dissipation, and how this factor can be taken into account. We shall then show the
importance and the limits of the model introduced, and the need for further developments.

2.1
2.1.1

REVIEW OF ELASTODYNAMICS

Strain tensor

Subject to forces, solid bodies are deformed, and the distances between material points
vary. Let us consider any point of a solid body, represented by its position vector x
(components x 1 = x, x 2 = y, x 3 = z) which, after deformation, becomes the point

(l) It is well worth consulting the works of Landau and Lifchitz(l967), Ewing et al. (1957), Achenbach (1973),
Germain (1973), and Mandel (1974).

50

i~

WAVE PROPAGATION

SATURATED POROUS

~EDIA

represented by vector x'. Displacement during transformation is therefore characterized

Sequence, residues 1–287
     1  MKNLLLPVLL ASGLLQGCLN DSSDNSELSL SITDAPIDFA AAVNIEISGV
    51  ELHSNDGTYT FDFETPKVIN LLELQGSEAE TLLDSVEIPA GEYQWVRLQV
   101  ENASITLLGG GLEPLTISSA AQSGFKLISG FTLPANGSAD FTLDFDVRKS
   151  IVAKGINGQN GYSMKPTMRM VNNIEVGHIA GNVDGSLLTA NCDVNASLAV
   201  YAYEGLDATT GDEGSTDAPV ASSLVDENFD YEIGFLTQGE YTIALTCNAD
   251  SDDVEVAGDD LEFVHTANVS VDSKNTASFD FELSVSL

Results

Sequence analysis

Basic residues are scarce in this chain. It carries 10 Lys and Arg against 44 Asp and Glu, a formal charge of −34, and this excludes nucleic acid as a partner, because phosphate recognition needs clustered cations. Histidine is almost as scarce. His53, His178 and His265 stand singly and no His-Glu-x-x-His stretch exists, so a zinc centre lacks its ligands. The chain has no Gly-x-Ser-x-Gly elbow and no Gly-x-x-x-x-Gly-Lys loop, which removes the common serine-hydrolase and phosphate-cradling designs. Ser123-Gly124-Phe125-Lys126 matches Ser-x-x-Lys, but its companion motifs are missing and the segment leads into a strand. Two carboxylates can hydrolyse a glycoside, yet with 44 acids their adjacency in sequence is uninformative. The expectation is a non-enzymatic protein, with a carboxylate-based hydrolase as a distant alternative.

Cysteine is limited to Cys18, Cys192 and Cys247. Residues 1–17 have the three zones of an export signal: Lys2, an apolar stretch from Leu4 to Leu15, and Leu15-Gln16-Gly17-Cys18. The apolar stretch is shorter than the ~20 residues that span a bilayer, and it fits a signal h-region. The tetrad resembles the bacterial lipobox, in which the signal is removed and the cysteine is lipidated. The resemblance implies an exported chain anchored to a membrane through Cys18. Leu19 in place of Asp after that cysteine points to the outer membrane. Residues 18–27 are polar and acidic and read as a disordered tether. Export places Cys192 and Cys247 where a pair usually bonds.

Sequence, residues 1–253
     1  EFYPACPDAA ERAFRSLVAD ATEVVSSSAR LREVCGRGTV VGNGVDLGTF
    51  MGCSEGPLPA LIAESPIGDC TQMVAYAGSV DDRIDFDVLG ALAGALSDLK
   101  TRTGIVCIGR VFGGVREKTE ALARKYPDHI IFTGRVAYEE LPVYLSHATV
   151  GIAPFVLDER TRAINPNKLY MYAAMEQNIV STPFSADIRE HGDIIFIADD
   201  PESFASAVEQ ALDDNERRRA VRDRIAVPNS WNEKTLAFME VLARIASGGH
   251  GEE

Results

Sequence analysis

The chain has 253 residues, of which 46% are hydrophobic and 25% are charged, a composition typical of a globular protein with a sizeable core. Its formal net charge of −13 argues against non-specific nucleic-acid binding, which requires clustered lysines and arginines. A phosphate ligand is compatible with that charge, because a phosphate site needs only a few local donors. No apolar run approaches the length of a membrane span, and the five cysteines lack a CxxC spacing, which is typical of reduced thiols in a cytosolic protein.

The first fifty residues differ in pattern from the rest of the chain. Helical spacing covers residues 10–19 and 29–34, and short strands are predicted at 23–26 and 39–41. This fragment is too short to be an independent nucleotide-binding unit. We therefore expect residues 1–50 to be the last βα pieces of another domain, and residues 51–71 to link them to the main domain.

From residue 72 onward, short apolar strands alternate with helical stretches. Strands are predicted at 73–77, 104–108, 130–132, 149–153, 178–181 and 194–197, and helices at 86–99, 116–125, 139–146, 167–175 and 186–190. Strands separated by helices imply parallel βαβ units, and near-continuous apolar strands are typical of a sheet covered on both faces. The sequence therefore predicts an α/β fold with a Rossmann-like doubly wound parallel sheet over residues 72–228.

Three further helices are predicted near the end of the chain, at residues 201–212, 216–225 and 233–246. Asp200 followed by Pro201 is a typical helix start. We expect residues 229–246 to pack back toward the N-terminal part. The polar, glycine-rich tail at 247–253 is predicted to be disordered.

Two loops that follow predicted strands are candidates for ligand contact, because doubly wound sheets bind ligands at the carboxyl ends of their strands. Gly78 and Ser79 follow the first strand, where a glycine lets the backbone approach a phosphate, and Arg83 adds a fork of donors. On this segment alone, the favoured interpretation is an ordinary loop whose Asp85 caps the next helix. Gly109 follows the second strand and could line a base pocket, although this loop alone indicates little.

by the vector (see Fig. 2.1):
(2.1)

u = x'- x

-----

,,

...

.....

'

: ; ; -M
/M'
I
/

''' . ,

'/" "

...

'

\
I

X'

';

'

'\

,/
.....

Fig. 2.1

-i

""-

1
d

'

___ , ,

I
,,

~-

.~

- VI

Deformation of a solid body.

li

The distance between two infm1tely close points before deformation was:

11

= (dxf + dx~ + dx~)2

d/

(2.2)
~

After deformation it has become:


dl' = (dx~2
which, according to (2.1), is written:

..... Jo

+ dx22 + dx32 )2

(2.3)
1

= [(dx 1 + du 1) 2 + (dx 2 + du 2 )~ + (dx 3 + du 3 ) 2)2

(2.4)

Substituting du 1 = u1.k dxk where the summation is considered to be on the repeated


subscripts, as in the rest of this text, one then obtains:
d/' 2 = d/ 2 + 2e1k dx 1 dxk
(2.5)

dl'

where e1k is defmed by:


1

e;k

= :;- (u;.t + uk,i + u;.iul.k)

c
p

(2.6)

tl

(e1k) is called the strain tensor. For small deformations, the only case considered here, the
variation in distances between material points, and hence the variation in displacement, is
small compared with the distance itself. In other words, the products of derivatives can be
ignored in comparison with the derivatives themselves. Hence the linearized strain tensor
is written:
1

eit =